68% of millennials would buy a fixer-upper—here's how the Property Brothers say you can avoid regret

A father in the process of repairing a door frame.
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Millennials want to buy their own homes — so much so that they, as a group, prioritize it over other life goals such as marriage and children, according to data from Bank of America. But, thanks to a combination of factors including student loans, stagnant wages and the high cost of real estate, many can't afford to buy.

The national median price of homes sold in December was $289,800, according to real estate company Redfin. Of those millennials who are looking to buy, about a third have a budget that's under $200,000, while 17 percent told Clever Real Estate they could only afford a home that's priced below $100,000.

Getting something less expensive because it needs work seems like a functional workaround. That idea tends to appeal to millennials: Over two thirds, or 68 percent, of them would be interested in a fixer-upper, according to a new Clever survey, which polled 1,000 Americans looking to purchase a home.

Buying fixer-uppers are definitely "a way to stretch a budget," Drew Scott, co-host of HGTV's "Property Brothers," tells CNBC Make It: "You're not going to pay that maximum price for all the work someone else did, you'll put that sweat equity in yourself."

That said, first-time buyers especially should be cautious before jumping into a major home overhaul. Don't assume a fixer-upper will end up being the cheapest route. The Scotts say they've seen lots of owners buy fixer-uppers and end up with regrets, usually because they weren't properly prepared for the work and costs that go into renovations, not to mention the aggravation.

Data backs them up. As many as one in three people say they regret their home remodeling projects, according to a survey conducted on behalf of Scyon Walls. The same survey found that one in four renovation projects go over budget, while about 20 percent take longer than expected.

"Almost everything stems from a lack of education — whether it's the education of what financial products are best for you, or education on what products to put in your home for renovation, or how to do the renovation," Drew tells CNBC Make It.

So if you are going to undertake renovating a fixer-upper, Drew and Jonathan have a few tips on how to do it right and avoid regrets.

Drew and Jonathan Scott of HGTV's "Property Brothers."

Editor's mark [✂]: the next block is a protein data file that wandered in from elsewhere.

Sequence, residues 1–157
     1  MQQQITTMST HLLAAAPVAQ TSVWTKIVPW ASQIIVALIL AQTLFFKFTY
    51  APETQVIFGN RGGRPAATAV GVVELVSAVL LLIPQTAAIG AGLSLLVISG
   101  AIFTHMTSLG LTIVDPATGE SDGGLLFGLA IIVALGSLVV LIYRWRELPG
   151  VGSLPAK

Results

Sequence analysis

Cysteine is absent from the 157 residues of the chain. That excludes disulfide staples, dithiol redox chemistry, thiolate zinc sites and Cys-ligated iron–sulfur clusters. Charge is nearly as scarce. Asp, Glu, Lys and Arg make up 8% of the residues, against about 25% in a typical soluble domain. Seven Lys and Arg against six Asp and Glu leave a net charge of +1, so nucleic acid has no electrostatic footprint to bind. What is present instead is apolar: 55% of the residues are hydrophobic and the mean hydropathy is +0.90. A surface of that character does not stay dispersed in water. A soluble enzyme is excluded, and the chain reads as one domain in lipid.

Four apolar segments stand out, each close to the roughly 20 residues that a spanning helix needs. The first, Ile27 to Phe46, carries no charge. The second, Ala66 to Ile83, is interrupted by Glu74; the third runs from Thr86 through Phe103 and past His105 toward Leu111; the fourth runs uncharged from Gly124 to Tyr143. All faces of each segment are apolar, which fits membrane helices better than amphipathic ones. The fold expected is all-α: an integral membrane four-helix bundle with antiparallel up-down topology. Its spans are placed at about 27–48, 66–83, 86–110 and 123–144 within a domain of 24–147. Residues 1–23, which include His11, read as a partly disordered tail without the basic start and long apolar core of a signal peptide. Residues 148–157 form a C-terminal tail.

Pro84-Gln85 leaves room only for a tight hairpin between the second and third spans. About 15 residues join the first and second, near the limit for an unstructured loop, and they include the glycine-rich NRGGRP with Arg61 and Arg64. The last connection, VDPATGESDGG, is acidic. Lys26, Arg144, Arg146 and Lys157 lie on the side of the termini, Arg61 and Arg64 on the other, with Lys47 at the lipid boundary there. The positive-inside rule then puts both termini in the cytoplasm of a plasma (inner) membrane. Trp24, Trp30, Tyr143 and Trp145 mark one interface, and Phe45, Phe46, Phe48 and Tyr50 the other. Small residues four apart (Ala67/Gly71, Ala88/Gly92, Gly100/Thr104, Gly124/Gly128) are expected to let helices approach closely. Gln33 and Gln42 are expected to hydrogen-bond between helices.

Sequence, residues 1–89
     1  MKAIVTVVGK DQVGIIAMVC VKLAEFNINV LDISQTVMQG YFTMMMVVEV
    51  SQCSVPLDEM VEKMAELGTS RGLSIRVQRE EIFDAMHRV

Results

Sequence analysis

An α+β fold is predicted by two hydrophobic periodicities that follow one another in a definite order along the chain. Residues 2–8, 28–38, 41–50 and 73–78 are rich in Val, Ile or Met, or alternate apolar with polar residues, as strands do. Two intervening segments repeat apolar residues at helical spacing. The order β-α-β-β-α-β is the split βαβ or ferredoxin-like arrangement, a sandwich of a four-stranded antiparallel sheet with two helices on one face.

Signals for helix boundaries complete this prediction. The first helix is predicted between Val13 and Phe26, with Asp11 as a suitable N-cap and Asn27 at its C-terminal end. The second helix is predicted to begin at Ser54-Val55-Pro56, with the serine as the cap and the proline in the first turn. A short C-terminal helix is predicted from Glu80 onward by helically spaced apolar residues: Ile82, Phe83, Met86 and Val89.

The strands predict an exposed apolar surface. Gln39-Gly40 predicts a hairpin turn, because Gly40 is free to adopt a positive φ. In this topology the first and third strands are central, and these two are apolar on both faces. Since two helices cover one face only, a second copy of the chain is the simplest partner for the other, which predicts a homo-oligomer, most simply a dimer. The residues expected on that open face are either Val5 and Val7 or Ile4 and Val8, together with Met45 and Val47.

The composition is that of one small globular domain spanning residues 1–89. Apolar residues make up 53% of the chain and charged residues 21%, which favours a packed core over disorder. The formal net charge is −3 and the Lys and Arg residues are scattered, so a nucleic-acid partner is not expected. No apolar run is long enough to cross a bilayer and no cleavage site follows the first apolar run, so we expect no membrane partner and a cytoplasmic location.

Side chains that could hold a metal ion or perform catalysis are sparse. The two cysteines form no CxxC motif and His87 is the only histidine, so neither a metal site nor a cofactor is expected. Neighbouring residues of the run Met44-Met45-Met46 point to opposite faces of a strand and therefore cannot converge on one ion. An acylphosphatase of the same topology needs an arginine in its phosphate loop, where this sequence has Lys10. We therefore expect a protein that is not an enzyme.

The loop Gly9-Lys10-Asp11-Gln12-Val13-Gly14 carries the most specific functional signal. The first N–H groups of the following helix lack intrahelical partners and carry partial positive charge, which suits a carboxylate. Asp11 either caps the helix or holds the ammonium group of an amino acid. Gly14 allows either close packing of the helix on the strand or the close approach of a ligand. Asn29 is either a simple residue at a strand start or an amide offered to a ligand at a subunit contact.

Courtesy HGTV | Property Brothers

1. Budget appropriately

Regardless of the size and scope of the renovation your new home needs, you should be aware of what you're getting into before making an offer. That means making sure you've budgeted for renovation costs from the outset.

Overall, about four in 10 millennial home-buyers felt they made poor financial choices when it came to purchasing their home and ended up spending too much, according to a 2018 survey of property owners aged 21-34 by Bank of the West. And one in five said they were frustrated by damages they found after moving in.

The average homeowner typically spends just under $43,000 to remodel multiple rooms in their home, according to Home Advisor. Areas like the kitchen and bathroom can be the biggest projects. The cost of an average kitchen renovation is about $20,500, while a bathroom usually runs between $6,000 and $14,000.

Setbacks and extra, unanticipated costs can cause grief for home-buyers who haven't budgeted for them. That's why design site FreshHome recommends adding 15-20 percent on top of any estimate.

2. Spend wisely

No matter the project, it's important to spend your money wisely. To that end, the Scotts say it's important to keep the function and flow of a room in mind when renovating.

"Don't just think of the aesthetics," Drew says. A lot of first-time home-buyers prioritize the details of a room like a beautiful light fixture, or the counter-tops, or the furniture. Instead, spend on ways that will maximize the use of the space, he says.

Owners frequently run into this problem when they try to remodel a kitchen. "People say, 'I want to add value to my house, I want to have a beautiful kitchen,' and they have some closed-in, dated layout," Drew says. But if you tear out old cabinets and put in new ones in the same bad layout, "then all you have is a new crappy kitchen," he says.

Real estate mogul: Don't spend on renovations before doing this
Real estate mogul: Don't spend on renovations before doing this

If this is your first time remodeling, the best advice is to start on smaller projects first and build your way up. The Scotts say the bedroom is usually the simplest place to begin because you don't usually have expensive fixtures or plumbing, where the hourly cost of repairs can range from $45 to $150.

The other key to spending your money wisely is to be realistic about who will be living in the home.

If you have three kids and four dogs, you're going to wear down real hardwood floors, Jonathan says. So instead, opt for single-board laminate floors. They can be indistinguishable from real wood, and laminate is much more likely to last, he says.

"Every room is a little different," Jonathan says, but don't lose sight of how the renovations will actually solve your problem and address your needs.

Don't miss: Property Brothers: Don't make these 3 renovation mistakes that homeowners regret

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The 4 biggest mistakes first-time homebuyers make
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